Mike Batt’s The Hunting of the Snark is finally getting a U.S. release on July 12th on his own label Dramatico. The original 1980’s concept album featured Art Garfunkel, Roger Daltrey, George Harrison, Stephane Grappelli, Sir John Gielgud, John Hurt, Captain Sensible, Deniece Williams, Julian Lennon, Sir Cliff Richard and a kitchen sink. Mike Batt was interviewed last week by American Songwriter’s Evan Schlanksy, about his take on “Snark” and the history of the piece:
Give us an overview of The Hunting Of The Snark album.
I made this album in the early eighties, – purely on a whim, and having fallen in love with Lewis Carroll’s nonsense poem. I wrote all new lyrics (and utilized his poem as narration between the songs). It’s a mad story of 10 characters who all go off looking for the SNARK, whatever it is, – and it is whatever you want it to be. Some might see it as money, some as religion, some as love, some as just a beast of flesh and blood. That’s what the album and subsequent stage show explore – the different points of view many people can take about the same thing. I made the album using the London Symphony Orchestra, and a great cast of stars, from Art Garfunkel to Roger Daltrey, Deniece Williams and even a cameo from George Harrison. It was a fantastic experience.
Why put it out now?
It’s never been out in the States – and in fact never had a full release in the UK either, way back, because of a dispute with the record company. I’ve now reacquired it and am issuing it on my own label, Dramatico. I think it is among my best work as a writer, arranger and orchestrator – and it would be a pity for it never to have seen the light of day.
Any favorite memories or interesting stories from the theatrical performance?
We played some fun concerts of it in Australia, – and also in the UK. Costumed concerts with the whole orchestra dressed up in nautical outfits, and the cast working in front of them, oratorio style. Then it progressed to the West End, like a full “Broadway” production. We had a 50 piece orchestra live on stage every night – so consequently we couldn’t afford to keep it on for long (7 weeks) but it was a hugely rewarding experience. We did things like plant dancers in the orchestra and so suddenly the cello section would start doing backflips, – we even had someone “fish” a viola player out of the orchestra from a bridge, above, using a fishing rod (and a flying harness!). It was totally insane.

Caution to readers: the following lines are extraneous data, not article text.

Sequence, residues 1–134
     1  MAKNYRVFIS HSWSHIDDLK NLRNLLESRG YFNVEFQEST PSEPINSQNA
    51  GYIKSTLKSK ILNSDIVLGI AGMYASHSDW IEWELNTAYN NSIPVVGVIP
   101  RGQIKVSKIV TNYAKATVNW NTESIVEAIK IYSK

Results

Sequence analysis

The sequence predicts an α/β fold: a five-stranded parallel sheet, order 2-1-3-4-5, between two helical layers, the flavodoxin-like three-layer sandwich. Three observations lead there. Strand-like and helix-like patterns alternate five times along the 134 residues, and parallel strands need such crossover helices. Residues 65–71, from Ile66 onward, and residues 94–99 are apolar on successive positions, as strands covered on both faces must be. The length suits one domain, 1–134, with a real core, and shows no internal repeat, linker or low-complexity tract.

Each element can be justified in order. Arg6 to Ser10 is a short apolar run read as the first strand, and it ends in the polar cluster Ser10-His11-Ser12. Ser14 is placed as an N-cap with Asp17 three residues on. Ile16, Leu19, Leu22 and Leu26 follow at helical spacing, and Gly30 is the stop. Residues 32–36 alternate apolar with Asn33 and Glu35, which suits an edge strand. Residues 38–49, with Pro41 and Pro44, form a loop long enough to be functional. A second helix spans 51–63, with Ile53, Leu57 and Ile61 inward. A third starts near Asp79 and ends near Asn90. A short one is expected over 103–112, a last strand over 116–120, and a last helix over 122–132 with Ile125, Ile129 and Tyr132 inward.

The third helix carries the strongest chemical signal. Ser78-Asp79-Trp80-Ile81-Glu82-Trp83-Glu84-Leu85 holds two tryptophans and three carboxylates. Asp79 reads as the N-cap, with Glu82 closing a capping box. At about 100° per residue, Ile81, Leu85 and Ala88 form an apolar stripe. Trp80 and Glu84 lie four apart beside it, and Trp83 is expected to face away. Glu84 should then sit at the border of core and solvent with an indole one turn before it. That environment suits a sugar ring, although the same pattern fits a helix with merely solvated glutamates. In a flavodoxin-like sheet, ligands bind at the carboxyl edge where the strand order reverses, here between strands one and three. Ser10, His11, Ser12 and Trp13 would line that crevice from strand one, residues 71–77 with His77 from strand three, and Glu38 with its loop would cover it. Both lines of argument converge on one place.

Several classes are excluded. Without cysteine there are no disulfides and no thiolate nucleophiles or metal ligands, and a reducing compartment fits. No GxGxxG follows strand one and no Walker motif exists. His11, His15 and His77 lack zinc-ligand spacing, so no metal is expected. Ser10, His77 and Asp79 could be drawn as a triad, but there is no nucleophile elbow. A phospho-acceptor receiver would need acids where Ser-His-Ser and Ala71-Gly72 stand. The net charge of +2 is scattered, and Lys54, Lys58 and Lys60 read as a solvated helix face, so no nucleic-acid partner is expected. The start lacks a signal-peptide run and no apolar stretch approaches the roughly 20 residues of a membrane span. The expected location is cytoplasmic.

Tell us how you went about putting the album together from a songwriting perspective.
I literally scored it straight onto full orchestral manuscript, starting with an empty page and working from front to end. It was before the days of Finale and Sibelius, so the good old 2B pencil and eraser were my tools. I had 3 months in which to write it, having given myself that deadline in order to perform it at an LSO concert I had been invited to conduct. I allowed myself a lot of freedom, but didn’t steal any lyrics from Lewis Carroll. I do, as I said earlier – quote him verbatim, as verse between the songs. I wanted to write something that was intriguing, originaland commercial. I think the fact that I was brought up on The Beatles has something to do with both my choice of subject matter and the whimsical quality of the songs.
Among all the projects you’ve worked on, what are some of your personal favorites? Which ones do people say moved them the most?
If you’re in Pittsburgh this weekend, the symphony will perform Final Alice (1972) by David Del Tredici, the Pulizer-winning American composer who spent much of his earlier career being inspired by Carroll’s writings. Final Alice is “an opera in concert form for soprano, folk ensemble, and orchestra.” Leonard Slatkin conducts and Hila Pitmann sings the Soprano Alice part at the Heinz Hall, tonight and Sunday. There’s a nice profile on Del Tredici and the piece in the Pittsburgh Post-Gazette today: ‘Wonderland’ led composer through looking glass preview by Andrew Druckenbrod.
Soprano Hila Plitmann as Alice in "Final Alice"
As Mr. Del Tredici started to traverse the fantastical world of Carroll (the Rev. Charles Lutwidge Dodgson, 1832-98), he slowly began to shift from 12-tone music to the lush tonal style that occasionally recalled the Romantic sound of the 19th century.